Such open spaces were visible towards the end of the first half when West Ham’s most controlled phases took place. A long ball from Issa Diop to Antonio, on the right, saw a scattered defense with no midfield coverage. Antonio chested the ball down to Bowen behind, and although the forward lost balance, he still had time to turn and shoot. His deflected shot bounced out for a corner.

36th minute: Buildup to Bowen chance. Player positions for Issa Diop’s long pass into Antonio. Lyon’s defensive block had not properly reset and there was no coverage for the center-backs for the second ball.

From the resulting corner, a pacey front post-delivery was met by Dawson, whose bullet header gave West Ham the lead. Moyes’s team kept pressure through dangerous set-piece work, as well as neat three-man combinations down the left side, which continued to put an attacker in good positions to cross the ball into the box.

In these phases, it’s worth highlighting how reactionary the Lyon defenders were towards crosses or being under pressure around the box. These moments often led to dangerous scenarios around the box, whether that would come from West Ham getting a second bite at goal or sustaining pressure inside of the Lyon half.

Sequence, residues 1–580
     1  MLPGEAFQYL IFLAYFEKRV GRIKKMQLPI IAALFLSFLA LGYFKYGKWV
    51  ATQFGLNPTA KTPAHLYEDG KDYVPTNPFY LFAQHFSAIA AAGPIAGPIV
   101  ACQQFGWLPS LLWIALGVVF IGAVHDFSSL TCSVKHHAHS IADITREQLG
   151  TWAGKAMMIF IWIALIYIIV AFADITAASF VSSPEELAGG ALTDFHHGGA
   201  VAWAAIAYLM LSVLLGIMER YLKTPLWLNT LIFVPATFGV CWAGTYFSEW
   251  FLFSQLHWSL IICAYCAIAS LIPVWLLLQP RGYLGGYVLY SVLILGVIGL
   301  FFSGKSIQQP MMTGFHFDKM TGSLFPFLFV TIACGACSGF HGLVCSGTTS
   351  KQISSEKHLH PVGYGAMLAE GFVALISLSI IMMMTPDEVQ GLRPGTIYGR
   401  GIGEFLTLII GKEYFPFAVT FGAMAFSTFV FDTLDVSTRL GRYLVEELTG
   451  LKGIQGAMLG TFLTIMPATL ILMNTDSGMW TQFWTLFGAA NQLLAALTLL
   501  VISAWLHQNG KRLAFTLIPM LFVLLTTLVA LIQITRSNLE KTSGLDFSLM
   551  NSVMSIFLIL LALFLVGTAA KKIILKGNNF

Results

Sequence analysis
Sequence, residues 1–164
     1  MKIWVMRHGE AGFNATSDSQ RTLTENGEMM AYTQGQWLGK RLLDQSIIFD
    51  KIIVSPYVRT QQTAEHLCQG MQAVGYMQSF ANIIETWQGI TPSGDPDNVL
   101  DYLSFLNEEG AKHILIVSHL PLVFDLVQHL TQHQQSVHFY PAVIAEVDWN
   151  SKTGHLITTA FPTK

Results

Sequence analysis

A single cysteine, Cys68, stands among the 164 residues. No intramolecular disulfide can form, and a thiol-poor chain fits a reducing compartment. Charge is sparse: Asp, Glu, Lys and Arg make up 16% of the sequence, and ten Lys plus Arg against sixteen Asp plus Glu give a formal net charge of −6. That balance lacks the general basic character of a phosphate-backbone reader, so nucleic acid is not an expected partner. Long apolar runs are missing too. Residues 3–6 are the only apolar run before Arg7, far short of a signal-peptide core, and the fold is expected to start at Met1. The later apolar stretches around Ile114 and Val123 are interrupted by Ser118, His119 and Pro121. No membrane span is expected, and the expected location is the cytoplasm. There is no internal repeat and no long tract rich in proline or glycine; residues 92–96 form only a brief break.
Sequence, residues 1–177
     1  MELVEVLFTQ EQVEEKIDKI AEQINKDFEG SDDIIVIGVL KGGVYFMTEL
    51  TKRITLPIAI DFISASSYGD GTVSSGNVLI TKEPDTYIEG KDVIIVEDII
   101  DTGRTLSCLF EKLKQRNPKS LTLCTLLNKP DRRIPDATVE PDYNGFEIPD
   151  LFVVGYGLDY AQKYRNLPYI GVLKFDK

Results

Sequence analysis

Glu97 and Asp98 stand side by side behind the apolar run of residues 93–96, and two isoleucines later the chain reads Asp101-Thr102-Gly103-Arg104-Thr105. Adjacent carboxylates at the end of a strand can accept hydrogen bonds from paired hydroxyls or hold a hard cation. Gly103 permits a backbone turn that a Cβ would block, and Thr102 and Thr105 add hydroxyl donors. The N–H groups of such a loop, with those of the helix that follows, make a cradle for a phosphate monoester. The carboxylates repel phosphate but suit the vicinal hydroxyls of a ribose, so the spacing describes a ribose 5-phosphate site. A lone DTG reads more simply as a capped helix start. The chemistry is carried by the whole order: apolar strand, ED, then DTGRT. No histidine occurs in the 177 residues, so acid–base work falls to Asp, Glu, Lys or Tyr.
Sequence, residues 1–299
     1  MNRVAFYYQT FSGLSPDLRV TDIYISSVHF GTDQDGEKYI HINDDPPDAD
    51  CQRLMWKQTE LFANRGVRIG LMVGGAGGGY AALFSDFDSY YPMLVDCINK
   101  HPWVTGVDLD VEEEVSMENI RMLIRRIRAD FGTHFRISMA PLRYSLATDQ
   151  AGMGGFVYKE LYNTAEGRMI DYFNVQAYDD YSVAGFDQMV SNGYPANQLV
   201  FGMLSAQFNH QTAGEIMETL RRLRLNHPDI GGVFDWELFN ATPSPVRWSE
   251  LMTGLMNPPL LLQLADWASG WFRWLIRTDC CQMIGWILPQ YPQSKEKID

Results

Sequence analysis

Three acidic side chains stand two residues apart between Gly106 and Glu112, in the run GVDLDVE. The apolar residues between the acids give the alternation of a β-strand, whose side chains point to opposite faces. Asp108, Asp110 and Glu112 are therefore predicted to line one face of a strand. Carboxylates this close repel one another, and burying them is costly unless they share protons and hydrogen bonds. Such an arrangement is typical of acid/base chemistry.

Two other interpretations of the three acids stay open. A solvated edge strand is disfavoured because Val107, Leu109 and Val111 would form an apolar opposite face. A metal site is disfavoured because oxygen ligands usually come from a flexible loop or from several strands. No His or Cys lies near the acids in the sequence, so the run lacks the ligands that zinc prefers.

Such elements can be seen in West Ham’s second goal, shortly after the first. Mendes’s tame clearance upfield led to Ben Johnson passing to Manuel Lanzini, who drifted towards the left, and continue with an underlapping run, left free by Gusto. Though his cross didn’t connect with a West Ham head, Emerson’s header went straight to Declan Rice, on the edge of the penalty area, in acres of space. Ndombele was forced to drop deep and Rice was left in lots of space. His shot was deflected but rightly punished the hosts as West Ham doubled their lead before half time.

 Transitional torture

Bosz made a double change at the start of the half, with Ndombele and Faivre replaced by Lucas Paquetá and Tetê. Lyon had now switched to a 4-3-3 formation, with Mendes behind both of their prime creators, whilst Ekambi moved back to the left side of the field.

However, this did not solve their coverage issues, in front of the center-backs. Something that West Ham continued to exploit throughout the second half. Within the first two minutes, the visitors had already gotten into dangerous positions. Lanzini’s layoff to Fornals saw the Spaniard put Antonio into his best position, down the left, with space to run into. A skip past Lukeba created space for a drilled pass across the goal, but just too far ahead of Bowen.